A number of self-invested personal pension (SIPP) providers have stopped taking investments into Caribbean property fund Harlequin Properties according to its biggest UK distributor, after concerns about it were raised by a law firm.
Harlequin Properties invests in off-plan apartments and villas in the Caribbean with investors paying 30% of the price upfront, with the promise by Harlequin in its promotional literature of a guaranteed mortgage for the remaining 70%.
However in an email seen by IFAonline, group operations manager at Tailormade Introducers Tracey Peden said a number of SIPP providers had suspended dealings with Harlequin.
"Many SIPP providers have temporarily suspended anymore transactions to Harlequin due to spurious concerns raised by Regulatory Legal over the Harlequin Product.
"We are in communication with our SIPP providers in order to establish with them what's changed and what they need by way of documentation in order to remove the suspension."
Harlequin and Peden said since the email was sent on 10 December some SIPP providers had lifted their suspension.
In a statement, Harlequin said:"The e-mail referred to is a month old and the matter raised has since been resolved. We have a very good relationship with Tailormade and many firms throughout the SIPP market who continue to accept Harlequin properties as suitable for SIPP investment."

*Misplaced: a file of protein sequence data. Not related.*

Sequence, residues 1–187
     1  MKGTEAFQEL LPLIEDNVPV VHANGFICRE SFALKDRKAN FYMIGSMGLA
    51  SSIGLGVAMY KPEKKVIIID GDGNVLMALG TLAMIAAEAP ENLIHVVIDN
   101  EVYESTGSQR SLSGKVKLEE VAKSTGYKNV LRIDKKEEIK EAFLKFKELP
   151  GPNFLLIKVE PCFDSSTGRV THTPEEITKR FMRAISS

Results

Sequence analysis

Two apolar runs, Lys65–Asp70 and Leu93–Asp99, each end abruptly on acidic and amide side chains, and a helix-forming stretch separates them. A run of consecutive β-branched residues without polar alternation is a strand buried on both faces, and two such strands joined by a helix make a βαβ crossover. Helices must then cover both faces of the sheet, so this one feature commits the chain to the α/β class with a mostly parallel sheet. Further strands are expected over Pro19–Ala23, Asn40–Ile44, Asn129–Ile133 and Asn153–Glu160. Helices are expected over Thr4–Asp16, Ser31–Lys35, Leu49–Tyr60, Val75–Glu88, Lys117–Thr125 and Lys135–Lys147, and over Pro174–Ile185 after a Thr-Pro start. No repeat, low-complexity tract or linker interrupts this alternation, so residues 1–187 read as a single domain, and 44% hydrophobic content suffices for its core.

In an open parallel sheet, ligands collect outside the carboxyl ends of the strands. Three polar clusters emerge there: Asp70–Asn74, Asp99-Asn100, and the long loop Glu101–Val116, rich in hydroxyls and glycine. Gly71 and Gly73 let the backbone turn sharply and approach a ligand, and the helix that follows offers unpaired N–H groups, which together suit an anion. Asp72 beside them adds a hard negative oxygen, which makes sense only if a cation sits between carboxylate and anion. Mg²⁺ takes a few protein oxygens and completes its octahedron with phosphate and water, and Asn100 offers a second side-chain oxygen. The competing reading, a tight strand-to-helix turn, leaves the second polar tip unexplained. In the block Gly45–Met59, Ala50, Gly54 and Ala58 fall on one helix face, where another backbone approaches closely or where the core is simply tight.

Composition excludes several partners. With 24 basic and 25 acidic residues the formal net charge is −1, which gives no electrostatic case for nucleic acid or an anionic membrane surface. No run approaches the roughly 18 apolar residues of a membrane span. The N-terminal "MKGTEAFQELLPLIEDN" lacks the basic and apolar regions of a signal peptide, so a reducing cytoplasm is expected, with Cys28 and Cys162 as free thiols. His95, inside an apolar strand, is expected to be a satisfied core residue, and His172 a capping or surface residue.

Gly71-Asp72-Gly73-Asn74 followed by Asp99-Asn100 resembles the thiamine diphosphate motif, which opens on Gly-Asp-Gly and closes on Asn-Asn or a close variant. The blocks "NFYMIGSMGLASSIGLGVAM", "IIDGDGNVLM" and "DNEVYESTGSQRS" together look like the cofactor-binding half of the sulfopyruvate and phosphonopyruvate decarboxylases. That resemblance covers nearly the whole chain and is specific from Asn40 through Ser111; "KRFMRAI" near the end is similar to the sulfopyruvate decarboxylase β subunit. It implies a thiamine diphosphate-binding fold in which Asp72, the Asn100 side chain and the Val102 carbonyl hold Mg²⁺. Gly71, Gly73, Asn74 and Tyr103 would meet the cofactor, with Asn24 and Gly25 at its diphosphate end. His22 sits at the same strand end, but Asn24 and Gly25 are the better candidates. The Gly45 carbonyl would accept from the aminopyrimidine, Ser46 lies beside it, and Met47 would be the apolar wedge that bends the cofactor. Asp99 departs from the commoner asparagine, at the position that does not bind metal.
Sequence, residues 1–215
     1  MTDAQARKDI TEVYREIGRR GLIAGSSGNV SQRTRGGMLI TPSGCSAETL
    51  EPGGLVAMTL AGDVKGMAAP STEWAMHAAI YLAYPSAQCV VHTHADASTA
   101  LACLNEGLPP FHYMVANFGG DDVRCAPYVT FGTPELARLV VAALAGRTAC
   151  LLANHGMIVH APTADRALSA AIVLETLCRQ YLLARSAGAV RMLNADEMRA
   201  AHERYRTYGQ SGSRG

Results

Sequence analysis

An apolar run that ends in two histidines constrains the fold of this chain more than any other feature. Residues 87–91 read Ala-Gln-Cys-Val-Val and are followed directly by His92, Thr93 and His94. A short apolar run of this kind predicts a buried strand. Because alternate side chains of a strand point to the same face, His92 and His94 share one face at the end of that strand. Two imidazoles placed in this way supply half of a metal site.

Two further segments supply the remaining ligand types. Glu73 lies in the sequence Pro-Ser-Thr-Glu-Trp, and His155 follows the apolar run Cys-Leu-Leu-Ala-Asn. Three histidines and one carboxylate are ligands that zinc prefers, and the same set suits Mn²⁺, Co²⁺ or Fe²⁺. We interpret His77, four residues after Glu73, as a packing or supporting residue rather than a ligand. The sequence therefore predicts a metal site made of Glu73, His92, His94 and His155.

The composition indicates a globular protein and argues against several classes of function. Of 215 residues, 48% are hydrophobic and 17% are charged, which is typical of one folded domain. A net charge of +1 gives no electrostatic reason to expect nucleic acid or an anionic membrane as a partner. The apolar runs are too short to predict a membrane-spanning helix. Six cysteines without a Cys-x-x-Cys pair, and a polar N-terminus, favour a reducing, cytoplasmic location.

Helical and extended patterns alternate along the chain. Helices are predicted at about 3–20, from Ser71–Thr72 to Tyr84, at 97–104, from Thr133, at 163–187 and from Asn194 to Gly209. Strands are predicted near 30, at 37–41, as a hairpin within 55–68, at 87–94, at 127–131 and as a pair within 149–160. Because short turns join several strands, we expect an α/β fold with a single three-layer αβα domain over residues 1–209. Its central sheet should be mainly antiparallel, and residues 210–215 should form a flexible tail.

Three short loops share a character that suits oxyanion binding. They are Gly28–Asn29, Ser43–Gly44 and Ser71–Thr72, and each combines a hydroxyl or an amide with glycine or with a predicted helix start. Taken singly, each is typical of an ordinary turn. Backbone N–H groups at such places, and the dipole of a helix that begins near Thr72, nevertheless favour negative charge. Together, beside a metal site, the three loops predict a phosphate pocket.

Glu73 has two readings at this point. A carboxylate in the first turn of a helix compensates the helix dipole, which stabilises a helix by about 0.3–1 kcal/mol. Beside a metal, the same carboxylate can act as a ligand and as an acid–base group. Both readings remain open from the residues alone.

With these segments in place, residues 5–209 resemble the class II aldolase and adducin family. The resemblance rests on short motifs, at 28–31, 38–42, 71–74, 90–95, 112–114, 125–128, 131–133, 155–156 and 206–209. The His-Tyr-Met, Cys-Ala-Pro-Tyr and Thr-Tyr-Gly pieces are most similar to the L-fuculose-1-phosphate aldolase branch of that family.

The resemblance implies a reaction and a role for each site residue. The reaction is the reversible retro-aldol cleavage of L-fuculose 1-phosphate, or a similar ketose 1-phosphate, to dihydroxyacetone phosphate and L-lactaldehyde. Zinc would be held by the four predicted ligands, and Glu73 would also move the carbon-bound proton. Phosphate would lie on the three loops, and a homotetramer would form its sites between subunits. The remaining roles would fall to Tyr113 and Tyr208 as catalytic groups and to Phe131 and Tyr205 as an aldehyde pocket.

Several large SIPP providers said they had never allowed investments from Harlequin.
A spokesperson for James Hay said it does not take investments into Harlequin Properties because it believes it is "unsuitable for a pension".
Barnett Waddingham said it has no holdings in Harlequin at this time.
Mike Morrison, head of platform marketing , AJ Bell, added commercial property in SIPPs needed to be "closely monitored".
Martin Tilley, director of technical services, Dentons, said the provider has not accepted overseas properties into its SIPPs "for quite a while".
"Past reviews of off plan overseas hotel rooms revealed that several did not get built on time, within budget and those that did failed to achieve either the expected rental and thus investment yields, nor did the projected capital values upon completion materialise.
"Being non-regulated investments, we treat all literature claims as false until we can verify through independent sources that they are accurate. Several [for Harlequin] we were unable to do.
"We also look at costs of investment versus actual asset worth. We found that a disproportionate amount of commissions and incentives inflated the investment price well above true asset value."
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